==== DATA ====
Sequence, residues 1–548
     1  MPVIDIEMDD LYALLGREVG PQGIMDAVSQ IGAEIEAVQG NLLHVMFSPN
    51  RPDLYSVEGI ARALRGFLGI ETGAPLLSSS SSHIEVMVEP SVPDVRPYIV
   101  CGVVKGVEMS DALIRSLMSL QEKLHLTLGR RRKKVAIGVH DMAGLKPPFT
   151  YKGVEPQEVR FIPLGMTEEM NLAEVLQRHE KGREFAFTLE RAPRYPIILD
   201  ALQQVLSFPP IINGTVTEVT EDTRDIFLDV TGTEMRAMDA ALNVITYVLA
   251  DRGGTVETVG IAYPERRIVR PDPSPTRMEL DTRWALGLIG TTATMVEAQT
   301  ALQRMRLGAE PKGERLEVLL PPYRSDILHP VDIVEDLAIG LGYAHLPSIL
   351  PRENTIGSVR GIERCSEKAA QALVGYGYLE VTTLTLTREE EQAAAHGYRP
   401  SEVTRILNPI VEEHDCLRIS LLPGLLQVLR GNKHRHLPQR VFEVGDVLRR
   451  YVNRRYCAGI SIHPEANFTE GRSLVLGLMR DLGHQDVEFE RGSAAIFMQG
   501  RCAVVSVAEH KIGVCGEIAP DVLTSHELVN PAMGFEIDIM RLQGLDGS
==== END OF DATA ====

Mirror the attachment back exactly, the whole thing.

Sequence, residues 1–548
     1  MPVIDIEMDD LYALLGREVG PQGIMDAVSQ IGAEIEAVQG NLLHVMFSPN
    51  RPDLYSVEGI ARALRGFLGI ETGAPLLSSS SSHIEVMVEP SVPDVRPYIV
   101  CGVVKGVEMS DALIRSLMSL QEKLHLTLGR RRKKVAIGVH DMAGLKPPFT
   151  YKGVEPQEVR FIPLGMTEEM NLAEVLQRHE KGREFAFTLE RAPRYPIILD
   201  ALQQVLSFPP IINGTVTEVT EDTRDIFLDV TGTEMRAMDA ALNVITYVLA
   251  DRGGTVETVG IAYPERRIVR PDPSPTRMEL DTRWALGLIG TTATMVEAQT
   301  ALQRMRLGAE PKGERLEVLL PPYRSDILHP VDIVEDLAIG LGYAHLPSIL
   351  PRENTIGSVR GIERCSEKAA QALVGYGYLE VTTLTLTREE EQAAAHGYRP
   401  SEVTRILNPI VEEHDCLRIS LLPGLLQVLR GNKHRHLPQR VFEVGDVLRR
   451  YVNRRYCAGI SIHPEANFTE GRSLVLGLMR DLGHQDVEFE RGSAAIFMQG
   501  RCAVVSVAEH KIGVCGEIAP DVLTSHELVN PAMGFEIDIM RLQGLDGS